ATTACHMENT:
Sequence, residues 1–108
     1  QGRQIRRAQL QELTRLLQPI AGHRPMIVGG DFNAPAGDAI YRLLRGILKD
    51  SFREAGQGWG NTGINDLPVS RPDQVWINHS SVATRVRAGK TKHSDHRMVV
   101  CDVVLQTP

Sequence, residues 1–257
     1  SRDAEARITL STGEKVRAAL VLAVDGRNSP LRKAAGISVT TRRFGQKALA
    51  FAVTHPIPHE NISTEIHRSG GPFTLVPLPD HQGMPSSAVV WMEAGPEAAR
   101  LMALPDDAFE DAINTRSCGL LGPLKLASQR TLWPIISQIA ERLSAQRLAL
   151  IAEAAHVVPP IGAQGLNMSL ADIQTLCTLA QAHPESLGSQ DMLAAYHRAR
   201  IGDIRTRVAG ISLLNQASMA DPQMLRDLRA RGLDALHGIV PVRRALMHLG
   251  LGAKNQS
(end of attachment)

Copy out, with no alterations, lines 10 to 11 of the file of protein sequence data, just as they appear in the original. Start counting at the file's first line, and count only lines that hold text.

   201  IGDIRTRVAG ISLLNQASMA DPQMLRDLRA RGLDALHGIV PVRRALMHLG
   251  LGAKNQS